Once you’ve clearly articulated the vision, blast it out into the life and culture of your church. Remember the tried and true “Marketing Rule of 7.” Typically, people don’t really subscribe to a message until they’ve heard, seen, or read it seven times. So broadcast this vision in every avenue possible. Leverage the use of live events, emails, postcards, and letters (yes, even snail mail). Talk about it on video, during church announcements, and on social media. Make posters and flyers, hanging them on the main entrance doors, in each bathroom stall, and near the auditorium entryway. Project it onto the video screen, print it in the bulletin, and plaster it on t-shirts. Use a slogan because they’re memorable. Pastor Andy Stanley once said, “Ideas need to be memorable, because memorable is portable.” Portable meaning viral, or rapidly circulated. People remember it, and are more likely to talk about it. The more they talk about it, the more viral it becomes. You need to have the tenacity to say, “No one in our church is going to miss this vision. No, not one!”
Sell the Vision
People must buy into the vision on both a spiritual and an emotional level. As a leader, you must answer the question “why?” in as many ways as possible. Why would groups want to do something missional this summer? Why is this vision necessary for the advancement of God’s Kingdom? Why should groups consider doing missional activities this summer rather than Bible studies or social gatherings? Why should the congregation follow you in this vision? When people buy into the “why,” they will be moved to action. If you share a vision and very few people get on board, it’s because your “why” wasn’t compelling enough. Try and try again, with new and more compelling “whys” until movement happens!
Step Three: Empower Your Groups
Empower your groups by giving them a clear runway. Just as airport workers routinely walk their runways to remove debris that might interrupt or prevent a plane’s takeoff, you can clear the runway for your groups to begin soaring on mission. Provide resources that make it easy for them to start pursuing the vision:
- Consider writing a curriculum resource for group missions—a step-by-step guide teaching groups how to discover their own mission, and how to act it out.
- Give each of your group leaders a calendar, and encourage them to work with their group to fill the calendar with their mission plans.
- Think about creative ways groups can fund their projects. Maybe they can ask for matching funds, or pursue projects that require labor, but not high expense.
Providing resources that help eliminate obstacles for groups doing missions is a small step that can yield amazing results.
Step Four: Release Your Groups
Simply put, don’t get in the way. Once your groups begin praying about and planning their missions ideas, don’t try to manage the process. Let God speak to each group. Allow them to pursue whatever God puts on their hearts. I was the senior pastor of a church where we emboldened, empowered, and released our groups. One of our groups organized a coaching event on interview skills, teaching people who were unemployed how to improve their resumes and interviewing skills, along with providing business attire and free haircuts. That group helped 10 people find jobs! Another group wanted to start a food pantry, and over the course of three years, they fed over 2,700 families! All my staff and I had to do was let these groups run. We didn’t micromanage, interrupt, or tell them “no.” We just let them live out what God had called them to accomplish.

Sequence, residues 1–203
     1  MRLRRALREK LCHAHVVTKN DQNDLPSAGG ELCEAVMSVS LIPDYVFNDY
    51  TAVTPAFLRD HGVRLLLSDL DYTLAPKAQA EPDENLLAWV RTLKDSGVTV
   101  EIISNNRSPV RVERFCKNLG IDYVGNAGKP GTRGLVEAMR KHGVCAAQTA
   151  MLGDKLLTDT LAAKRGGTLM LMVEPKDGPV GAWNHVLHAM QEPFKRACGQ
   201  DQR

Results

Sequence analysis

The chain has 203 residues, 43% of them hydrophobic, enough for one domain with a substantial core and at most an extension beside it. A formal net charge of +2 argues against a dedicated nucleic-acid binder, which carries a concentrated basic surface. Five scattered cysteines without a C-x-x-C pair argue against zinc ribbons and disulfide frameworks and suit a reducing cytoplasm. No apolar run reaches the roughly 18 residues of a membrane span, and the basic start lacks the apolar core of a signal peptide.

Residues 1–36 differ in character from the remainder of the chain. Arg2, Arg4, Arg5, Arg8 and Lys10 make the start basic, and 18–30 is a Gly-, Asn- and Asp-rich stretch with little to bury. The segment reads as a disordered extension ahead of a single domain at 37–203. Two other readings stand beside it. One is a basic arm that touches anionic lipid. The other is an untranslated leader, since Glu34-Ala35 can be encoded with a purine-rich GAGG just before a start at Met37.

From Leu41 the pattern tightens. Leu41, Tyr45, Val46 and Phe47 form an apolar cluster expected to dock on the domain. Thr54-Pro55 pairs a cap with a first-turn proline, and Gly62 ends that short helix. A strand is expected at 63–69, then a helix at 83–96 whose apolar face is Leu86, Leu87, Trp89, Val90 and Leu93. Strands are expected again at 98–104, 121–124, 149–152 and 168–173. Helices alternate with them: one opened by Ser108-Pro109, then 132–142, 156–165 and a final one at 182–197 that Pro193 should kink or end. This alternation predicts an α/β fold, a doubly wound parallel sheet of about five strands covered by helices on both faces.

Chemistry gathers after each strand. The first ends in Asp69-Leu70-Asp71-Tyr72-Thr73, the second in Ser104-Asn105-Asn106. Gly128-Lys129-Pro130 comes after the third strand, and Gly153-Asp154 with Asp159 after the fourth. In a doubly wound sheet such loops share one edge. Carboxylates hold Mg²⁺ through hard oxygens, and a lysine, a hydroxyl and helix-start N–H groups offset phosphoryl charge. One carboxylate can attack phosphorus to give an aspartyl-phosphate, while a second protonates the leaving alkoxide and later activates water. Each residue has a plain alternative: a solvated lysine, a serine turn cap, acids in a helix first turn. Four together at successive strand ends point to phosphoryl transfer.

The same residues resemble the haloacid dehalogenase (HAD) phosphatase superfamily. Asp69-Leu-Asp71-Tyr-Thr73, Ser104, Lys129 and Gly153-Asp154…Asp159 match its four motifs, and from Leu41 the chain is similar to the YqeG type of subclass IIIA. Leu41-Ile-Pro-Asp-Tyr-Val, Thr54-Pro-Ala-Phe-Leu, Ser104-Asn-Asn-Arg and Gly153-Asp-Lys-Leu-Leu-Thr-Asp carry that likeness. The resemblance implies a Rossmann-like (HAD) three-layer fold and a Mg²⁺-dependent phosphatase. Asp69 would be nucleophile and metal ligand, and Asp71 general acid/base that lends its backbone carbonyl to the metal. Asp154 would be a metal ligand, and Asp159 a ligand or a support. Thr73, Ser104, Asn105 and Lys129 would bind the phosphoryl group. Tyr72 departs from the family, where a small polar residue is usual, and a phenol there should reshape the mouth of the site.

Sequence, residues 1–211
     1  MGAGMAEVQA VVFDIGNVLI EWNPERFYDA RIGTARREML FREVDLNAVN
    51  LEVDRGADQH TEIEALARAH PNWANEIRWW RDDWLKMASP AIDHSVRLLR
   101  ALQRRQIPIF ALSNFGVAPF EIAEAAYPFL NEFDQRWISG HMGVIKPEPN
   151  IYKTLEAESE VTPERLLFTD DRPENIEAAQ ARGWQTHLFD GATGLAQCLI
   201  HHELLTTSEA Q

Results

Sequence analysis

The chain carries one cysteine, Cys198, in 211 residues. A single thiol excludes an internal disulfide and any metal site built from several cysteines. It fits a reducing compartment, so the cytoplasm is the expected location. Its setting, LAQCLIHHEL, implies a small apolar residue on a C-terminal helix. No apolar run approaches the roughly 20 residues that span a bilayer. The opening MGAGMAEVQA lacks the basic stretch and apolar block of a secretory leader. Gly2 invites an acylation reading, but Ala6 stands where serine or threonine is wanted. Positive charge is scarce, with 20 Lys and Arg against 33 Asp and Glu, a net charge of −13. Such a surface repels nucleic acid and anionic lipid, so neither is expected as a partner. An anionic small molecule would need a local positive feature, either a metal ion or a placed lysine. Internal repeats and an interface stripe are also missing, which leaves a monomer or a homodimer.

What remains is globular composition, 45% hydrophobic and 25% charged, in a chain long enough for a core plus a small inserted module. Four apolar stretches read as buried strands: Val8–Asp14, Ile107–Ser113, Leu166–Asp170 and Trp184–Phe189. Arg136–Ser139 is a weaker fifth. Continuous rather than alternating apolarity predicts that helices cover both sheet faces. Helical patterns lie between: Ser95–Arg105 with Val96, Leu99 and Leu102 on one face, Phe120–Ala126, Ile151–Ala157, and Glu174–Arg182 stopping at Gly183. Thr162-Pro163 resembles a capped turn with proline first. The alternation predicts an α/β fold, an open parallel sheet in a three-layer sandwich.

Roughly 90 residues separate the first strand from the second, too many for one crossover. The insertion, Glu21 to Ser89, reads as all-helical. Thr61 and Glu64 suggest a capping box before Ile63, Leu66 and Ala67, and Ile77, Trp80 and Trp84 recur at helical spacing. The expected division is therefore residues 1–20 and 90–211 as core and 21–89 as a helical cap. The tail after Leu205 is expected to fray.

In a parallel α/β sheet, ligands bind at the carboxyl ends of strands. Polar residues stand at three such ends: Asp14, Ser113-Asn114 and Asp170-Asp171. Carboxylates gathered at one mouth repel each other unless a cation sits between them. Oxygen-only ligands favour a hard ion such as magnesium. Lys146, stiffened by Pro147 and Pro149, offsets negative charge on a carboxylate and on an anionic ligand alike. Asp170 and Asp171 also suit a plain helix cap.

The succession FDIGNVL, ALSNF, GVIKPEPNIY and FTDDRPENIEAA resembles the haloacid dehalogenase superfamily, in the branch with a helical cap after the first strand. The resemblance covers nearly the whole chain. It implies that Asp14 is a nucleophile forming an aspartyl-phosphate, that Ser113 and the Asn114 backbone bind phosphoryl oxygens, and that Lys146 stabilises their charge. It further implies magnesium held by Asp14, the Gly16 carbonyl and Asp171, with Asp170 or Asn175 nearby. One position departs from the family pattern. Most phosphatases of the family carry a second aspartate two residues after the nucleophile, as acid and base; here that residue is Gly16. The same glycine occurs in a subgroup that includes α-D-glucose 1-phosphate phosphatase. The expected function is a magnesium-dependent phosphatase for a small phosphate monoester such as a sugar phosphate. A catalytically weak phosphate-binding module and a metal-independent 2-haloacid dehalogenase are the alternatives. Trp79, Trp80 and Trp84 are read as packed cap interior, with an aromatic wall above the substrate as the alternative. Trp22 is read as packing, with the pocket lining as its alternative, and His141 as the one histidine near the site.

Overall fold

Step Five: Celebrate Your Stories
Throughout the summer, your primary job as the small-group point person is to gather stories. Ask groups what they’re doing and how it’s going. Help them if they have questions, and focus lots of attention on learning their stories. Why? Stories are vital for group missions to influence and positively impact your church. If your focus is missions during the summer, every group will find something to do, and some groups will begin living out missions all the time.
Gather those stories and share them far and wide. Tell your entire church what happened over the course of the summer. Post pictures and videos all over the church, just as you did with the flyers to generate initial interest. These stories will encourage groups who didn’t get amazing results (it happens), as well as inspire groups who didn’t participate at all. Most of all, people will come to know Christ and their lives will be changed—and everyone who is a follower of Jesus wants to hear those stories.
Step Six: Lather, Rinse, Repeat
After a successful summer of group missions, leading future summer group missions will be like the instructions on a shampoo bottle: lather, rinse, repeat. Begin by making group missions a part of your church culture. Do this again and again in your church, and see what the Lord accomplishes.
—Alan Danielson is a speaker and consultant who helps churches maximize their discipleship potential through excellent leadership and small groups. Alan's 28 years of ministry experience have included being a Lead Pastor of New Life Bible Church in Norman, OK, serving on the executive team of Life.Church in Edmond, OK, and partnering with many of America's largest and fastest growing churches.